Is your backyard already a safe haven for bees? Help create more pesticide-free spaces for bees, with access to fresh water, ample food and shelter.
Urge your municipal government, school or park district to pass a resolution to protect bees by creating healthy pollinator environments free of bee-harming pesticides. The steps below will get you started, and to find out more — and get support from PAN — contact Paul Towers at firstname.lastname@example.org.
- Build a group: If you are not already part of an organization that wants to protect bees, then reach out to other people in your community and form a group. People often use facebook, email lists and neighborhood meetings to recruit people to their effort.
- Do your homework: Review materials PAN has put together, including the organizing toolkit, and figure out what resonates in your community and with your local government or school board.
- Broaden your coalition: In order to effectively pass the resolution, you should figure out who else will help advance your efforts. Consider reaching out to local beekeepers, gardener groups or neighborhood associations and ask for their endorsements.
- Meet with decisionmakers: Meet with your decisionmakers (e.g. city councilmembers, county supervisiors, school board officials) and identify a champion to introduce the resolution. Encourage others you meet with them to support as well. Also bring people from your new coalition to express a range of perspectives and backgrounds and show the strength of your effort.
- Show up at the vote: Recruit people through your core group and through your coalition to show up when the resolution is up for a vote. Numbers matter to most officials and can help sway them. And don’t forget to celebrate after you win.
Most importantly, don’t give up!
And remember, if you need more information contact Paul Towers at Pesticide Action Network (email@example.com or 510-788-9020).
Community Honey Bee Haven Resolution:
WHEREAS, Bees and other pollinators are essential to the majority of the flowering plants on our planet; and
WHEREAS, Pollinators are responsible for one out of every three bites of food we eat; and
WHEREAS, Each year since 2006, commercial beekeepers in the U.S. have reported annual losses of bees in excess of what would be considered normal; and
WHEREAS, There are [this many] beekeepers in [City, County or School] relying on beekeeping for hobby or commercial purposes; and
WHEREAS, [stats on local losses] reported losses of bees in excess of what would be considered normal; and
WHEREAS, Multiple, interacting causes are likely contributors to the decline of pollinator populations, including pathogens, habitat loss, and exposure to pesticides; and
WHEREAS, Scientific evidence around neonicotinoid pesticides, including clothianidin, thiamethoxam and imidacloprid is especially compelling and deserves action; and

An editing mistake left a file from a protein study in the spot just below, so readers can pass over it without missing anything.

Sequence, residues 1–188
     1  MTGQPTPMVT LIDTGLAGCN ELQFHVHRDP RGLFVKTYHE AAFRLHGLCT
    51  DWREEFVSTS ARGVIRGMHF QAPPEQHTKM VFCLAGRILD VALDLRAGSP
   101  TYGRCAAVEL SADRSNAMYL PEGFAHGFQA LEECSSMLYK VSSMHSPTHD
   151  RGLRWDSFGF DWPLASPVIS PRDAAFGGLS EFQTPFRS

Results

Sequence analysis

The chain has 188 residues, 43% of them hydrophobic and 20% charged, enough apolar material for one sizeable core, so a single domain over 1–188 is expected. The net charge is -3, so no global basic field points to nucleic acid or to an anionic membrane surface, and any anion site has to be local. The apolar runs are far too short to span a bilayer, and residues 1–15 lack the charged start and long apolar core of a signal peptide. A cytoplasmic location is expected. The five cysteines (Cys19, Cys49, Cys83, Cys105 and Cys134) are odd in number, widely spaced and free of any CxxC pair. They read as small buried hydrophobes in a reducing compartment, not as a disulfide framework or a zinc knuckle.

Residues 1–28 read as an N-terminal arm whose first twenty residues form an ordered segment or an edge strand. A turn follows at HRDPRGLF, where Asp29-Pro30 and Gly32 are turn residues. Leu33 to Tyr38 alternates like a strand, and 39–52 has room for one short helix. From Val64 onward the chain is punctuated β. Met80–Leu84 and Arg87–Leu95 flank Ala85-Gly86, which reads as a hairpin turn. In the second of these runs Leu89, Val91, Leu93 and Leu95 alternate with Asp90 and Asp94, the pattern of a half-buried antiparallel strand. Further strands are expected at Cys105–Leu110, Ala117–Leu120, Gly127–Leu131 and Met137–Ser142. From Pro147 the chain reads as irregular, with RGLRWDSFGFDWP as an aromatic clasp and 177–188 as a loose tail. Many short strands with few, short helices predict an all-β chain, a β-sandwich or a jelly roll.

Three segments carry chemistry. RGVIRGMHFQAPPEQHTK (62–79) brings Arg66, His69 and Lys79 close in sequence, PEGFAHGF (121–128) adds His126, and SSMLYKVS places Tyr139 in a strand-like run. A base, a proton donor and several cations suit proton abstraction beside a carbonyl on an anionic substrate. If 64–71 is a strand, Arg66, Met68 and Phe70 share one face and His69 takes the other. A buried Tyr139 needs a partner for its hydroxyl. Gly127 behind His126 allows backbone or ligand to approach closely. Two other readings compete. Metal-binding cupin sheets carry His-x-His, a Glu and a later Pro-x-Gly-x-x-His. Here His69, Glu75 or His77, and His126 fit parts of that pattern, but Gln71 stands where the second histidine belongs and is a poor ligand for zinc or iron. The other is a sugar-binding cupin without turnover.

WHEREAS, threats to pollinators concern the entire food system, where pollination services provided by honey bees and other essential pollinators account for one in every three bites of food, responsible for the pollination of key crops, including almonds, apples, blueberries, cherries and many others, and contributing over $19 billion worth of services to U.S. agriculture; and
WHEREAS, Honeybees are a keystone indicator species and their decline points to broader environmental degradation; and
WHEREAS, Pollinator population declines may be a disproportionately significant piece of the current collapse in biodiversity that some biologists believe poses an even greater threat to humanity than climate change, which contributes to it; now, therefore, be it
THEREFORE BE IT RESOLVED by the [City, County or School] become a Honey Bee Haven and map its location on HoneyBeeHaven.org; and be it further
Resolved, That the [City, County or School] officially recognizes the critical importance of pollinators to our food supply and to our environment; and be it further
Resolved, That the [City, County or School] promote healthy environments — including food sources, clean water and shelter — for pollinators through existing programs and new funding opportunities; and be it further
Resolved, That the [City, County or School] will not procure or use neonicotinoid products of products containing neonicotinoid active ingredients; and be it further
Resolved, That the [City, County or School] will support efforts to educate the broader community about the action it has taken and encourage other entities and households to adopt a similar policy; and be it further
Resolved, that the [City, County or School] will transmit copies of this resolution to the [appropriate local agencies], U.S. Environmental Protection Agency and US Department of Agriculture.